2. Red Bull New York: Only the Los Angeles Galaxy have more star power, as the Bulls still feature Thierry Henry and Rafael Marquez. But both have yet to get the team to come together, and as a result, the supporting cast has struggled. Juan Agudelo could easily break out, if given a chance by coach Hans Backe. If New York struggles this season, Backe make not make it to midseason.

3. Chicago Fire: Frank Klopas took over as coach after 11 matches last season and deserves full credit for turning the Fire around. Klopas, also the Fire's technical director, took over a team that was 1-4-6 and guided it to an 8-5-10 mark the rest of the season. There are no real stars to mention, but a "team" can go a long way in MLS. The Fire are a dark horse to win MLS Cup.

4. Toronto FC: TFC has not made the playoffs in its first five seasons in MLS, but 2012 will finally change that. Coach Aron Winter enters his second year in charge and has three designated players on board in Julian de Guzman, Torsten Frings and Danny Koevermans. In a wide-open Eastern Division, Toronto has more than enough quality to make the regular season memorable.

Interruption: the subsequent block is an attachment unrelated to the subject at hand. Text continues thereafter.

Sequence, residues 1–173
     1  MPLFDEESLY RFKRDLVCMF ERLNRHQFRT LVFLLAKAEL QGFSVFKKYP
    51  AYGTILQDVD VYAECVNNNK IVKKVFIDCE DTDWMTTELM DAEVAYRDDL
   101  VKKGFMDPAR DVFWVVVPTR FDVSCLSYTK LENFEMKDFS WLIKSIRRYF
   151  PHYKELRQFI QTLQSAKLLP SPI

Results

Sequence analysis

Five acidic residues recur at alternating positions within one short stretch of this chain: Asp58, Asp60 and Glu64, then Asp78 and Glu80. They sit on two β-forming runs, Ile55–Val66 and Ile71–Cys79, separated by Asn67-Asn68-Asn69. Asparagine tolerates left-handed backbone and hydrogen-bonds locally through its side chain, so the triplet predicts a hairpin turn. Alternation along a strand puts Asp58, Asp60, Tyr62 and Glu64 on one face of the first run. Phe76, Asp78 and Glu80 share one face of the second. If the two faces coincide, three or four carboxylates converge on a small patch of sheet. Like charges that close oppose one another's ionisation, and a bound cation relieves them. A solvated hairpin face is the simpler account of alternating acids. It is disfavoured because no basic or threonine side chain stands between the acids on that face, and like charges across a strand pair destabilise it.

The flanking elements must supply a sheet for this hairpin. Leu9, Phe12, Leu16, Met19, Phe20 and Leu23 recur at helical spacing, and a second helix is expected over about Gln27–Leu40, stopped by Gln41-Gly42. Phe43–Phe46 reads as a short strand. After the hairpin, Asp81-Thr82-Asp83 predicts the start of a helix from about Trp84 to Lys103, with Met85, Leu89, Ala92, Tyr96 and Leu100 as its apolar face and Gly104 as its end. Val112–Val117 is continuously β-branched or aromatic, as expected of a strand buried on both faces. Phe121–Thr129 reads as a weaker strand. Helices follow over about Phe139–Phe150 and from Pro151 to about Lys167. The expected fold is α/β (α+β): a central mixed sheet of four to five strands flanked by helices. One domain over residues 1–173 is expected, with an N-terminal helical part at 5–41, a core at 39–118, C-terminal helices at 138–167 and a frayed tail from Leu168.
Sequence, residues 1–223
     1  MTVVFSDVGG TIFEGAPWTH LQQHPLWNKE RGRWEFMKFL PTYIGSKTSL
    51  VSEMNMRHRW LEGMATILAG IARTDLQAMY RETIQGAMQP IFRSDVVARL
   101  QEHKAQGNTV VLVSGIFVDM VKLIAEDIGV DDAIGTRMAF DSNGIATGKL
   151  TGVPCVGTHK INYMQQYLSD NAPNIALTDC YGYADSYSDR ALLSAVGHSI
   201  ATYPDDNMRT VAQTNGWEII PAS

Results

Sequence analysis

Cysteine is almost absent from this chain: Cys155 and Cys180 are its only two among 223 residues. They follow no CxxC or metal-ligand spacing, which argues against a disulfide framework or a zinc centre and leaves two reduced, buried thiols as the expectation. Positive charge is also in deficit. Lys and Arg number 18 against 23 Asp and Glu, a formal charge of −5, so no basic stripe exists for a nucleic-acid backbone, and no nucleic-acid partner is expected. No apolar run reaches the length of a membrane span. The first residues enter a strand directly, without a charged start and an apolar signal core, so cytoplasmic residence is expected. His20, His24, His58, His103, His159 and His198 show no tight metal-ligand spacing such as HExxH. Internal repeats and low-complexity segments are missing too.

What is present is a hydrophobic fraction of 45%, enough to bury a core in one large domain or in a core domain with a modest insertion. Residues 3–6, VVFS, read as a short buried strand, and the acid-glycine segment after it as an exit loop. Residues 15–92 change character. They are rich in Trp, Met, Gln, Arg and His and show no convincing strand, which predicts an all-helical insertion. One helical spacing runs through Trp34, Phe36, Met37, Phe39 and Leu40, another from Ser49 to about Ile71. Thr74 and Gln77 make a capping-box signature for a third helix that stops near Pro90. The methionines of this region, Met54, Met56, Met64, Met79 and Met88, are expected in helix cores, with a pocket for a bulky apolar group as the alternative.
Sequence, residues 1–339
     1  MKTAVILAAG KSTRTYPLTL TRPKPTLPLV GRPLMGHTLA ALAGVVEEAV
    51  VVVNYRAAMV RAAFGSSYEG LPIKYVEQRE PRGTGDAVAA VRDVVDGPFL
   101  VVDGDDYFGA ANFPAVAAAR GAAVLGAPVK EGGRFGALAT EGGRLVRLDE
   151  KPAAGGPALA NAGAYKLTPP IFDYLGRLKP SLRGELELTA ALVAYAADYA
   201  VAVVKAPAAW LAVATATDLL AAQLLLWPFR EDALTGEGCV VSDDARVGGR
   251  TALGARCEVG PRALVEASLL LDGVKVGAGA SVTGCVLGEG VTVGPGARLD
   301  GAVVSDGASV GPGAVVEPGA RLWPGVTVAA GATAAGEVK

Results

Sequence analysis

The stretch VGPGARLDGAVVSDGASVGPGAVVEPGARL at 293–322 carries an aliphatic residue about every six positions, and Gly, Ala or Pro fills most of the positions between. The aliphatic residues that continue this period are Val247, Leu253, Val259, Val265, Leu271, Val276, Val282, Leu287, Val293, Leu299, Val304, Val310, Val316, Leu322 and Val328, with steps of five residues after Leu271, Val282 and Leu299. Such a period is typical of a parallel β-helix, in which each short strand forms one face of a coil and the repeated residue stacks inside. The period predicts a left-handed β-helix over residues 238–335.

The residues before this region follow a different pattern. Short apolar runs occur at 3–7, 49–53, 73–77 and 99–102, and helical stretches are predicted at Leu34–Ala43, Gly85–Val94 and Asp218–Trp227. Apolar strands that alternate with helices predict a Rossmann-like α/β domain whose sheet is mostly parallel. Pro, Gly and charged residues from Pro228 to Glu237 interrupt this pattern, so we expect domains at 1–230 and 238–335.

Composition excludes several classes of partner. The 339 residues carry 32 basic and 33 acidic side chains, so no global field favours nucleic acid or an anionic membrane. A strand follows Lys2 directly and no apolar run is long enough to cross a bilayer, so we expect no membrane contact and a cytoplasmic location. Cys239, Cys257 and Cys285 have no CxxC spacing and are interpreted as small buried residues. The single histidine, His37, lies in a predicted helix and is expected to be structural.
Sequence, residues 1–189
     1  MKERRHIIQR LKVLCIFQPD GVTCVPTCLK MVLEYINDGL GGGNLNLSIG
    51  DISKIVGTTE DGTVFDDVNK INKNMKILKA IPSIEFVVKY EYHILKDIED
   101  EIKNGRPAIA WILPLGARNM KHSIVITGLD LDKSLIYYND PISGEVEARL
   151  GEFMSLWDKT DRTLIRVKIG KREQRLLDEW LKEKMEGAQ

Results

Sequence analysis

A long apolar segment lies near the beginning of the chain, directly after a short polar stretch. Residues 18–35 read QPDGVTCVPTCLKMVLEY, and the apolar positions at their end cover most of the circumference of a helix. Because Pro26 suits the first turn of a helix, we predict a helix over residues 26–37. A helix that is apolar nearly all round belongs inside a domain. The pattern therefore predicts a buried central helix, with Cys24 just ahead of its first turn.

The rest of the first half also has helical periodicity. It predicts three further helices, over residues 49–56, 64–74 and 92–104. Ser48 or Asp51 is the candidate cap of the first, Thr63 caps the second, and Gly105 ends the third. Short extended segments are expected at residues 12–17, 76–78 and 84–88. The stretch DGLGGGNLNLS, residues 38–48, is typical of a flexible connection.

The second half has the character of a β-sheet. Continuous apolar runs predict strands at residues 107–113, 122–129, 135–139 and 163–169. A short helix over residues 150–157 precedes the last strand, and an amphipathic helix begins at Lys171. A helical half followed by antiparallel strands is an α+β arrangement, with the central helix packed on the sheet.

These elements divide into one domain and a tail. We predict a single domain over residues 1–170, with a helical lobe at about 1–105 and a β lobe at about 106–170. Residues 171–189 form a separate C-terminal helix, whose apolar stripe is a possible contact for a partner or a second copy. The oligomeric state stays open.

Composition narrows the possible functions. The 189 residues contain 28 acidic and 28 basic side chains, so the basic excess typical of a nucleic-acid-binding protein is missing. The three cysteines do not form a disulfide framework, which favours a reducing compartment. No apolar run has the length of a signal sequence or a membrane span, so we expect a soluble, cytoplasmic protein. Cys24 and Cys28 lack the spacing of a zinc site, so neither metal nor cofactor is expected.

5. Houston Dynamo: Brian Ching grabbed most of the headlines this offseason in Houston after he was lost in the expansion draft and later reacquired. Houston returns almost intact from last season, when it reached the MLS Cup final. But even with the opening of new BBVA Compass Stadium, the Dynamo will struggle to repeat last season's success. But in the playoffs, anything could happen.

6. D.C. United: D.C. was revived last season after Dwayne De Rosario was added in a trade, as the Canadian international had 13 goals and seven assists in 18 matches to win the MLS Golden Boot and MVP. Coach Ben Olsen made a good amount of changes ahead of his second season, but if De Rosario equals that output in a full season for United, it could end its four-year playoff drought.

7. Columbus Crew: Since winning the MLS Cup title in 2008, the Crew have still been one of the most solid teams in the East. Coach Robert Warzycha has a good collection of underappreciated talent and it would be foolish to write off the Crew this season. But after a second straight offseason of huge losses, namely Andres Mendoza, the Crew need a lot of new - and old - faces to step up.

8. Philadelphia Union: Coach Peter Nowak took a giant gamble when he sent star forward Sebastien Le Toux to Vancouver Whitecaps FC for allocation money. The Union needed the added funds to keep some of their young talent, but who will put the ball in the net? Le Toux combined for 25 goals and 20 assists the last two seasons, meaning he played a part in 45 of their 79 goals.